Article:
johnnyftw said,
Crazy but, I find Chrome much more responsive and smooth then firefox..

makes me wonder if Chrome works 'faster' for those with fast PC's?

because on my PC, which is pretty much as slow as dual core's get (AMD Athlon X2), Firefox seems to feel all around smoother. especially since it's RAM use is much better vs Chrome and when you got a 2GB of RAM system that seems like it could become noticeable.

Only thing I like about chrome is the bookmarks sync and the fact I can use the chrome marks app on my phone and get the bookmarks since google who creates android AS WELL AS CHROME does not have an actual chrome broswer with bookmarks support on it

Lil Wayne said,
I went from FF to Chrome. I find Chrome much faster and it doesn't freeze compared to FF.

i never really have freeze issues in Firefox 8... my PC is nothing fancy either, AMD Athlon X2 with Radeon 5670 GPU.

also when people say Chrome is faster i assume you need a mid-to-higher end CPU to notice it? , because on my PC (which is about as low end as you can get for a dual core) i think Firefox is overall smoother plus extensions etc are icing on the cake.

but i might give Chrome another go just for kicks as it's been a while since i last tried it.

I guess it depends on user preference....I find chrome pretty responsive, however, I'm slowly finding myself migrating over to IE9 more and more...although I'll never use FX again, I think it still boils down to user preference....whatever works for you works for you, no matter if there's a poll for it or not (although I don't remember participating in such a useless benchmark). Meh...

obiwankenobi said,
I guess it depends on user preference....I find chrome pretty responsive, however, I'm slowly finding myself migrating over to IE9 more and more...although I'll never use FX again, I think it still boils down to user preference....whatever works for you works for you, no matter if there's a poll for it or not (although I don't remember participating in such a useless benchmark). Meh...

Yeah totally man. I find myself using IE9 more and more too. But chrome is pretty light. I dont see how people can state Firefox is more responsive.. considering firefox has indeed strayed from the "lightness" they were back in the day. I dont see it or feel it. Chrome is fantastic. I use it as a daily driver in between IE9. I stopped using firefox long ago because of the road it went down. I dont take anything away from firefox, i still consider it a honest and decent web browser.. it just hasn't been that great on my lenovo laptop.

johnnyftw said,

Yeah totally man. I find myself using IE9 more and more too. But chrome is pretty light. I dont see how people can state Firefox is more responsive.. considering firefox has indeed strayed from the "lightness" they were back in the day. I dont see it or feel it. Chrome is fantastic. I use it as a daily driver in between IE9. I stopped using firefox long ago because of the road it went down. I dont take anything away from firefox, i still consider it a honest and decent web browser.. it just hasn't been that great on my lenovo laptop.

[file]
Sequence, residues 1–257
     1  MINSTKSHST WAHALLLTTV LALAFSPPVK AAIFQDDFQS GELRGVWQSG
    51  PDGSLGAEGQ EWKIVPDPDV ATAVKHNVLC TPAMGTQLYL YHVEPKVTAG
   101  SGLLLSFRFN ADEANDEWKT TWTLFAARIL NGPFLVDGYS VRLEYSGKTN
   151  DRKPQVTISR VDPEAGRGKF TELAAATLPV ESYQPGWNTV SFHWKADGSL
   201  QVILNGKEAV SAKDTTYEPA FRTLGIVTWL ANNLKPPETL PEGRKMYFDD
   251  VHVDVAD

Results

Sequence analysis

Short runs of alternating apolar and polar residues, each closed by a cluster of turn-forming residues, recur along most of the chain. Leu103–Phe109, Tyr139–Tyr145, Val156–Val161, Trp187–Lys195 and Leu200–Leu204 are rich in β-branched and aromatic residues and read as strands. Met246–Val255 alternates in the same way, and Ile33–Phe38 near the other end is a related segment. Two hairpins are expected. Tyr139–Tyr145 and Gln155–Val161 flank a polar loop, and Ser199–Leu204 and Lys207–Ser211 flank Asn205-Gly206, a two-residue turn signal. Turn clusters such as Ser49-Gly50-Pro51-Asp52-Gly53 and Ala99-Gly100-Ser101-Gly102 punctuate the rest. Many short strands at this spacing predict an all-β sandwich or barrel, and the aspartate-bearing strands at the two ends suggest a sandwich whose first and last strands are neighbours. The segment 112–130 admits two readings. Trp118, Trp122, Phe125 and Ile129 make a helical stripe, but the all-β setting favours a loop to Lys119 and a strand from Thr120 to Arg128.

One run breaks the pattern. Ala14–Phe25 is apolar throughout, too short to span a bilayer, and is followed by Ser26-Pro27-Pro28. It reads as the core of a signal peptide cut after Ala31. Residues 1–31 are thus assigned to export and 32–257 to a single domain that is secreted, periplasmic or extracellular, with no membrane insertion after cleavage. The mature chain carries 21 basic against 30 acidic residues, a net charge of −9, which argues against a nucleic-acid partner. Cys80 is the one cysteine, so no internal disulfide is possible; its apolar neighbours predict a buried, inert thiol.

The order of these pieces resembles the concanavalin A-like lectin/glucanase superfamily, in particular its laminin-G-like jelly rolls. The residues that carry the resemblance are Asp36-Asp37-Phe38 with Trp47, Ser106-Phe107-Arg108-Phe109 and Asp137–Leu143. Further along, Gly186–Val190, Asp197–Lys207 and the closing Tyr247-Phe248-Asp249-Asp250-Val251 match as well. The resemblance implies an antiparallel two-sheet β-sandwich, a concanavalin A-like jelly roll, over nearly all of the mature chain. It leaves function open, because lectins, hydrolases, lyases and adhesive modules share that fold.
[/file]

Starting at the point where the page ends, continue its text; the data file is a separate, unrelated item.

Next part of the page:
+1

Well said. These days people use more than one web browser that suites their needs and not what others think. I find Chrome relative fast compare to Internet Explorer 9 in some benchmarks and websites. Other than that I enjoy and love Internet Explorer 9/10 over the competition. Choice is good for consumers. Without choice we will be the same boring and dull and web browsers won't be where they are right now.

Wow, not sure where to begin...

1) The tests dock your score if you don't support WebM and Theora, which are not a standard any more than any of the other codecs. - Fail

2) The Iconia W500 tests are running IE10, but the numbers are either in non-accelerated mode or from Windows 8, that are running with reduced performance GPU drivers. I couldn't gather any more information, as it isn't provided.
*(Why this is weird, is that a 2007 Acer Atom based Netbook, running IE9 on Windows 7 gets a higher score, yet it is a MUCH slower computer than the Iconia W500.)
-Fail

3) The HTML5 tests, 3/7 on IE9. 2 of these are failed because of WebM/Theora, and the other 2 are failed because of Web Worker processes. IE supports background script threading without the need of a separate API, which is why when Microsoft added them to IE10 'preview' they were reluctant, but did it to keep the 'tests' happy.
*(On IE, the browser engine is basically a compiler for everything, not just a JIT for Javascript, so all recursive and background scripts are already threaded independently of other UI and HTML elements.
-Pass

4) WebGL - Holy crap batman, really? This is NOT a standard and is HIGHLY dangerous, as it allows the website to directly access and run code on your GPU. Let me put it this way, what if Microsoft released a WebDirectX standard that gave Web sites direct access to your GPU, would anyone be running it as a required feature and 'test'? Nope.
*(The irony to WebGL is that it gained traction from Google and Apple, when IE9 was still in pre-beta, as Google COULD NOT get Chrome to do the graphical HTMLl5 tests at even 1/100th the speed of IE9. So their 'reply' to Microsoft was a WebGL fish animation, shoved into an HTMLl5 Canvas, that they called their HTML5 test. And people were foolish enough to think it had anything to do with HTML5. Yet even as the 'trick' was noticed, with the trick being WebGL, people then moved on to think WebGL was a GOOD idea.